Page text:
I watched it happen in slow motion. I was coming out of a gas station close to home, in a spot where the rush hour traffic bottlenecks from two lanes down to one. A police car was conspicuously trying to wend its way through the mess. I thought about pulling in front… then just let that cruiser go by. Sure enough, a minute later, that cop car had the flashers on, for the guy directly in front of him. I am not really sure what legal infraction that poor sucker had committed, but I am sure it was simply enough to have been in the wrong place at the wrong time. It could have been me. I think of cops when I see the Harry Potter movies. Don’t stand in front of a dementor. Their job is to suck your soul out. If you have an ounce of sense, you will avoid them. And so it is that when driving, I have one paranoid eye cast backward, ever looking for the telltale silhouette of a large black Ford Explorer, just in case.
I am an anarchist at heart. I have a complicated relationship with the law. Having been burnt like most people more than a few times, I tend to keep my distance when I see police on the road. It’s not the sting of the ticket, it is the sneaking suspicion that the officer is just enjoying the process way too much. You get that same sense when a cop car follows you for a few kilometres and changes lanes when you do, sticking on your tail. When he finally veers off on some real business, you are relieved but feeling somewhat like an aggrieved citizen nonetheless.
I remember once long ago, Harold, a co-worker, raged that his van had been stolen. Turns out he was right. It had been stolen, by the cops. When we went to retrieve his van from the impound lot, the place was stocked top to bottom with bearded and bandanna-clad Hell’s Angels bikers. They provide a ‘service’ for the cops. A little muscle here and there. When Harold paid the exorbitant fine, cursing the whole while, he looked at the ticket. His infraction, being 8 cm away from the curb. It literally could justify towing half the cars from the road at any given time. It must be a seriously lucrative racket, and entirely legal. Hundreds and thousands of dollars. The law allows it, moreover the law insists upon it. They see it as necessary revenue for the municipality.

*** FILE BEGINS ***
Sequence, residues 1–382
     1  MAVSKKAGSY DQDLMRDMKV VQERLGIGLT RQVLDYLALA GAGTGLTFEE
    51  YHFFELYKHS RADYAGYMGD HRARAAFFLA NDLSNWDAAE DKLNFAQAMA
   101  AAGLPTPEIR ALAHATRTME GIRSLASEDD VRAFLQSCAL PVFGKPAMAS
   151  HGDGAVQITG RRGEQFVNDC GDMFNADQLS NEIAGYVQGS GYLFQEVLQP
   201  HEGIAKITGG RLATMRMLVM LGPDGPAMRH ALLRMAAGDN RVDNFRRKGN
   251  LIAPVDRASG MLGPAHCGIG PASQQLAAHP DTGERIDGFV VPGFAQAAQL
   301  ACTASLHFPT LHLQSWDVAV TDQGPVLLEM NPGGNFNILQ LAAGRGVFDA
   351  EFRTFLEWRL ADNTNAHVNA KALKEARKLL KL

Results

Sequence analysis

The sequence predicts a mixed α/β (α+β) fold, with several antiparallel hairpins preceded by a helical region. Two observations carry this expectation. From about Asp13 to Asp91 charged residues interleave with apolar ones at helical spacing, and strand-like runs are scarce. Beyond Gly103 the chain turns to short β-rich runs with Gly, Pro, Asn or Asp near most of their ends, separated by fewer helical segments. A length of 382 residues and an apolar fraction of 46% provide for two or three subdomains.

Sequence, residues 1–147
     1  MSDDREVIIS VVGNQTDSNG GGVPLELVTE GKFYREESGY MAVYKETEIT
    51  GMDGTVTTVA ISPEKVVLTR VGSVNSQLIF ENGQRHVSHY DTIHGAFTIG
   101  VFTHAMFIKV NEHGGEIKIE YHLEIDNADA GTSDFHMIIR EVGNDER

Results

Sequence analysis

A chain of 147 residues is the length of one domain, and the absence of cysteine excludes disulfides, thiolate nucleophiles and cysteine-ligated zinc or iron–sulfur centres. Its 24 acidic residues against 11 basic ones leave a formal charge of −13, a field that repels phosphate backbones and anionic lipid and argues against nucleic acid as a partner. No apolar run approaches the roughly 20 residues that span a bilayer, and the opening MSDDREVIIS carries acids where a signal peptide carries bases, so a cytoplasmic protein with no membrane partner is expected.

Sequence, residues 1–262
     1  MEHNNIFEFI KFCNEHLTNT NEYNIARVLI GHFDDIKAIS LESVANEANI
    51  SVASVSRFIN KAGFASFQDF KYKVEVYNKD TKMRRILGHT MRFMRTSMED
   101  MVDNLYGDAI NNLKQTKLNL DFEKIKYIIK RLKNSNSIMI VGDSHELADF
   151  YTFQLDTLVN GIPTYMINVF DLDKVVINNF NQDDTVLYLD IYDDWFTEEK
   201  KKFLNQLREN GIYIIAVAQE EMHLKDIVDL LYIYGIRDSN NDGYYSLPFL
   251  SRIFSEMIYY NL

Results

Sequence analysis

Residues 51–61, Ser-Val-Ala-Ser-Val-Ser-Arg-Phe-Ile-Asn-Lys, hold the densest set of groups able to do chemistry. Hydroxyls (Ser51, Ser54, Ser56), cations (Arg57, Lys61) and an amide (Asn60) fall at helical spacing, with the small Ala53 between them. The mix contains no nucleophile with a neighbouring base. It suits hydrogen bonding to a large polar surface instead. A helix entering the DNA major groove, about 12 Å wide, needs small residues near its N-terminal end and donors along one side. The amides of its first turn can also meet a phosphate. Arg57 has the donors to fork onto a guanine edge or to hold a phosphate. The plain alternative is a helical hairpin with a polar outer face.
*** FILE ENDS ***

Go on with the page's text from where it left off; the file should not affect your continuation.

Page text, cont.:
If you have ever gone to court to fight what you thought was basically entrapment, maybe a parking ticket where the signs were ambiguous, you might come away shocked at the power of the state to prosecute you for that offence. They see you as a criminal. A coterie of well-paid lawyers will show up representing the Crown. If you are really unlucky, the bullet-headed cop will show up and testify against you. Mine did. He appeared very happy to have the day off to do a bit of paper work. He identified me from the witness box, as the suspect. He then started to read from his notes. “At approximately 5:30 PM I observed the accused on a bicycle proceeding northward on Jarvis Street….” It sounded like he was describing the preamble to a murder, not me proceeding through a yellow light. To make matter worse, the cross examination will ride roughshod over your objections. They have you where they want, on the wrong side of the law.
If you are like me, you see your own situation in a different light. There are technicalities that make ‘guilty’ sound like a heavy word indeed. You start to look at the cops and wonder if they go home and yell at their wives and kick their dogs. You in fact, feel very innocent. Like the quote from Oliver Twist, the law is an ass. Jesus himself had similar words for the Pharisees of his time. He criticized them for tithing even with household herbs, while behind the scenes, devouring widows houses and burdening the people with limpossible rules. He told them they were straining at gnats while swallowing camels.
The law is not your friend. It is the specialty of our adversary the Devil. He stands day and night before the throne of God, accusing the saints. He begs permission as he did with the apostles, to sift us like wheat. He is on the side of the law, prosecuting infractions with the best of them.
There is no way you can win this battle, in terms of the law. There has to be something else in the picture. Mercy, sometimes described as not getting the punishment we deserve. Even more, grace, which is unsolicited kindness extended to those who do not merit any special favour.
I like the sound of grace. I smile whenever I see that word in the Bible. It is the perfect ballast for the law. Jesus imputes to us, his own righteousness in exchange for our guilty verdict. Paul tells us in one of his wonderful syllogisms, that “God made him who had no sin to be sin for us, so that in him we might become the righteousness of God.” It is not simply NOT being held to account. It is to be accorded the righteousness of Christ himself. It is a deal breaker and a life changer.
Yes, while the law can stop many things, it cannot change the human heart the way that grace can. The third book of Philippians expresses it like this. “...whatever was an asset to me I count as loss for the sake of Christ... I consider them rubbish, that I may gain Christ and be found in Him, not having my own righteousness from the law, but that which is through faith in Christ....”
Imputed a righteousness that is not my own, apart from the law. It sounds like a plea bargain to me. One that could make you weep for joy.
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